Everett G. Martin spent his career reporting from some of the world’s most turbulent locales. He was Newsweek’s bureau chief in Saigon during the war in Vietnam and covered the 1973 Chilean coup for The Wall Street Journal. During his time in Vietnam, he befriended author John Steinbeck, who later said Martin’s work was “some of the best reporting I have ever read.”
Martin’s first overseas adventure was as a college student, when he shipped out one summer as a cabin boy on freighter going to Cuba. At IU, he was a night editor and city editor of the Indiana Daily Student. After graduation, he started his career at the City News Bureau of Chicago at $15 a week. From there, he went to the Elkhart Truth and then to the Christian Science Monitor. In 1958, the Monitor sent him to cover the auto industry in Detroit, where The Wall Street Journal later hired him. He moved to New York City, and continued to cover labor and the auto industry.
Martin’s next move was to Time magazine to write about business. He followed his editor to Newsweek, where he worked as deputy foreign editor and covered the United Nations. In the early 1960s, he was given his first overseas assignment: a temporary posting in Hong Kong. He covered Singapore’s expulsion from Malaysia and the India-Pakistani war so effectively that Newsweek made him a permanent foreign correspondent.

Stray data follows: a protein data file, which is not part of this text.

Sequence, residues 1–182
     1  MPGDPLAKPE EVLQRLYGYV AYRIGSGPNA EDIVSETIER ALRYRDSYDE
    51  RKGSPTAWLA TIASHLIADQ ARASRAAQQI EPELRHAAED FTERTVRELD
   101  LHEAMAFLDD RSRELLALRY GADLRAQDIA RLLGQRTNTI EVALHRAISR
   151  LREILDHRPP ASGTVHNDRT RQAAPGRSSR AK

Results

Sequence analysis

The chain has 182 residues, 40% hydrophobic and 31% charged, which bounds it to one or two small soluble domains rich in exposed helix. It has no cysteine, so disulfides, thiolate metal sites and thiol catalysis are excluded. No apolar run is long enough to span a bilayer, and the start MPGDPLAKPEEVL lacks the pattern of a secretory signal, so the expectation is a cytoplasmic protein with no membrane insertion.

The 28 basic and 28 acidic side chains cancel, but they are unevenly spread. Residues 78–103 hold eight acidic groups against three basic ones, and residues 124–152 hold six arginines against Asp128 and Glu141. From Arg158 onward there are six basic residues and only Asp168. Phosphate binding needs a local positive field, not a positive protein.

In January 1966, Martin was sent to Saigon to set up Newsweek’s bureau. He reported on the war, ran the bureau and briefed visiting dignitaries such as Edward Kennedy and Richard Nixon.
Martin was expelled from Vietnam in 1968 for reporting on government corruption. Newsweek assigned Martin as Hong Kong bureau chief covering Southeast Asia. He traveled with Filipino Sen. Benigno Aquino during his campaign against President Ferdinand Marcos.
He returned to Boston, where he spent a year as an associate professor in the Edward R. Murrow Fletcher School of Law and Diplomacy at Tufts University. The Wall Street Journal then hired him to cover South America, which he did for 18 years. His work won the Overseas Press Club’s Ed Stout Award in 1973 and Columbia University’s Maria Moors Cabot Prize in 1983. He retired in 1988 and died in 2013.